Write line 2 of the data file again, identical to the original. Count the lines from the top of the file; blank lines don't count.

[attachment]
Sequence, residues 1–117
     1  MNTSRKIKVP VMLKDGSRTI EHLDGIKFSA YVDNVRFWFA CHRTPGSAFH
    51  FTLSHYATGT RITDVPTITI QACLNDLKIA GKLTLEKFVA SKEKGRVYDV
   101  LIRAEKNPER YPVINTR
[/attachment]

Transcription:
     1  MNTSRKIKVP VMLKDGSRTI EHLDGIKFSA YVDNVRFWFA CHRTPGSAFH